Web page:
Noticireos Televisa | September 8, 2020

A new study could find cancer long before it causes symptoms. Some specialists estimate that it could be identified 4 years earlier than current methods. Dr. Diane Perez tells us about this advance. Full Story


OpenBot: an open-source 3D-printed robot by Intel

3D Natives | September 8, 2020

Based in Silicon Valley, California, Intel is an American multinational corporation and one of the leading companies on the global tech arena. Its research division, Intel Labs, recently put online the 3D files of its new 3D printable robot: available open-source, this device functions with a smartphone and is available for less than $50! Oftentimes, the goal of incorporating the 3D printing technology is to lower the cost of the robot components, which is otherwise rather high; we have seen it in the projects like Flexoskeleton from UC San Diego and Solo 8 robot dog. Full Story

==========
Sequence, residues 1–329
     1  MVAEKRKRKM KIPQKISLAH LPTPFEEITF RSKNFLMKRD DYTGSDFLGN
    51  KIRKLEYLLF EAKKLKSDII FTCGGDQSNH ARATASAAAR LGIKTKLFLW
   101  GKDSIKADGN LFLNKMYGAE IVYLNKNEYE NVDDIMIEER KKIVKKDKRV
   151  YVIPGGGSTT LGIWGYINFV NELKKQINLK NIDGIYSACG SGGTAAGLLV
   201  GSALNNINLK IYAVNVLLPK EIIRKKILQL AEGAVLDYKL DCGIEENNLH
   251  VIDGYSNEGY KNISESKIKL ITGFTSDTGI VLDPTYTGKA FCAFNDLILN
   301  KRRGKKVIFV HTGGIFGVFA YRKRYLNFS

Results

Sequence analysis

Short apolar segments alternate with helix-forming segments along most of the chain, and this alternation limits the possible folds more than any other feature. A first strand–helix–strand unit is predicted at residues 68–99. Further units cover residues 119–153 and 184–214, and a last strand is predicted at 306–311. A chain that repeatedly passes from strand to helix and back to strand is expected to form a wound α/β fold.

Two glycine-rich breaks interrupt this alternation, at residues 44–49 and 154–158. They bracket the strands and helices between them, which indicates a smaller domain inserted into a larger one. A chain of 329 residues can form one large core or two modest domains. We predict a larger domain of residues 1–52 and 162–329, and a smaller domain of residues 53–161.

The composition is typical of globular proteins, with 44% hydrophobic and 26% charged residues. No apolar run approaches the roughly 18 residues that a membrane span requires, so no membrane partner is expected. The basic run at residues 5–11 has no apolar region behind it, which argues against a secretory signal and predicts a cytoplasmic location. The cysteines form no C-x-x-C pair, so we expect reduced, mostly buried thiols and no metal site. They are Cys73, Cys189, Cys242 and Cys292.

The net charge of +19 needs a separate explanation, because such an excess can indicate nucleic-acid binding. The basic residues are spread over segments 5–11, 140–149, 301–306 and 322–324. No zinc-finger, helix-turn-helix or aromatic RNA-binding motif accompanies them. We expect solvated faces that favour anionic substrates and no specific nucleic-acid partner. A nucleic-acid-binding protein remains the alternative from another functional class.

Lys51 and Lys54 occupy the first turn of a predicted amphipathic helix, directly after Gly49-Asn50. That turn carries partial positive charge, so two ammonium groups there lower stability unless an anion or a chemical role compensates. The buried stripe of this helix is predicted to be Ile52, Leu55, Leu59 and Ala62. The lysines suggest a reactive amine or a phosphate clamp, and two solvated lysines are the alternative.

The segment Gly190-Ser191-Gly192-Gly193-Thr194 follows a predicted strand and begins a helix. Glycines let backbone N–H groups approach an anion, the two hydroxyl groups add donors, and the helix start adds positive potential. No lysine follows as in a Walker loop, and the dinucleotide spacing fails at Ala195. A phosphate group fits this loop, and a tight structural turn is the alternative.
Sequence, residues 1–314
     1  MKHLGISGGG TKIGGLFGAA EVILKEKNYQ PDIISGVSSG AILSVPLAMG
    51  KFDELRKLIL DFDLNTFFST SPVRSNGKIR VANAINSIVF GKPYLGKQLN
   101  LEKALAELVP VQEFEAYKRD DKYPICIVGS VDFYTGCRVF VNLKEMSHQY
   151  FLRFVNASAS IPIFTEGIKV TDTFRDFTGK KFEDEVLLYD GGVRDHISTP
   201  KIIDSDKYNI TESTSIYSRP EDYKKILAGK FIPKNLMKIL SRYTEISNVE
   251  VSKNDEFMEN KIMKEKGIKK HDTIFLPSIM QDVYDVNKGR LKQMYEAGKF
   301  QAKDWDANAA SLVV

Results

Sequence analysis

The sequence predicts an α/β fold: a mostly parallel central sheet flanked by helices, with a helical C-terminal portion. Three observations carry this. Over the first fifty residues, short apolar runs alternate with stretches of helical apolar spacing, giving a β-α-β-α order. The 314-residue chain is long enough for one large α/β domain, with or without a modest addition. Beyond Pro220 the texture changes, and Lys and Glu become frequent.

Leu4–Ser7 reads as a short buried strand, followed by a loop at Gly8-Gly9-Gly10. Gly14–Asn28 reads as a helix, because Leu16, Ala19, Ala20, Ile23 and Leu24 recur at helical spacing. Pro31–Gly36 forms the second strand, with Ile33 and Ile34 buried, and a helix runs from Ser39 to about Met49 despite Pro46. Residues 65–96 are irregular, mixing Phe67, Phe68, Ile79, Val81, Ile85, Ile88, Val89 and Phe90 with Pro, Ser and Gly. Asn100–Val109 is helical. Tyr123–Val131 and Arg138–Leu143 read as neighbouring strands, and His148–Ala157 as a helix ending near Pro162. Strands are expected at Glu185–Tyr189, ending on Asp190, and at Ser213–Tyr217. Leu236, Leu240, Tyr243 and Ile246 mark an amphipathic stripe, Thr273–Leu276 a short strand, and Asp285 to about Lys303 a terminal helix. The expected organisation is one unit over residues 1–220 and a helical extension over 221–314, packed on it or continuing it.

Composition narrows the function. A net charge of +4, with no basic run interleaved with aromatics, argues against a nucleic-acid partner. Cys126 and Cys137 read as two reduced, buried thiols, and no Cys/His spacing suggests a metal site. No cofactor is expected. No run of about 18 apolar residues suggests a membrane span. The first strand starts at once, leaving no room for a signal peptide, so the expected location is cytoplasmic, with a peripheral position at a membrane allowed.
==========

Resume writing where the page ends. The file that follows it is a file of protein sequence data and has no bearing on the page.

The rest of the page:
Disordered Rock Salt And Transition Metal Anodes-- Engineering The Batteries Of The Future

CleanTechnica | September 4, 2020

People like to say nothing is sure but death and taxes. But there is something else we can be sure of ? announcements about blockbuster new battery technologies that promise higher energy density and shorter charging times. Given that discoveries in the lab usually take years to make their way into production, two such announcements this week suggest the children of tomorrow will think about today?s lithium-ion batteries the way children today think about transistors. Full Story


Could 'disordered rock salts' bring order to next-gen lithium batteries?

Ars Technica | September 4, 2020

Earlier this week, a paper covers a new electrode material that seems to avoid the problems that have plagued other approaches to expanding battery capacity. And it's a remarkably simple material: a variation on the same structure that's formed by crystals of table salt. While it's far from being ready to throw in a battery, the early data definitely indicate it's worth looking into further. Full Story


Stories for Change: UCSD professor Olivia Graeve

ABC 10 | September 4, 2020

UC San Diego's first Latina engineering professor works to expand outreach to under-represented groups in STEM fields. Full Story


Rocksalt anode can lead to safer, fast-charging Li-ion batteries

Hindu Business Line | September 3, 2020

The rocksalt anode helps achieve a crucial middle ground, which is safer to use than graphite, yet offers a battery with at least 71 per cent more energy than lithium titanate. Full Story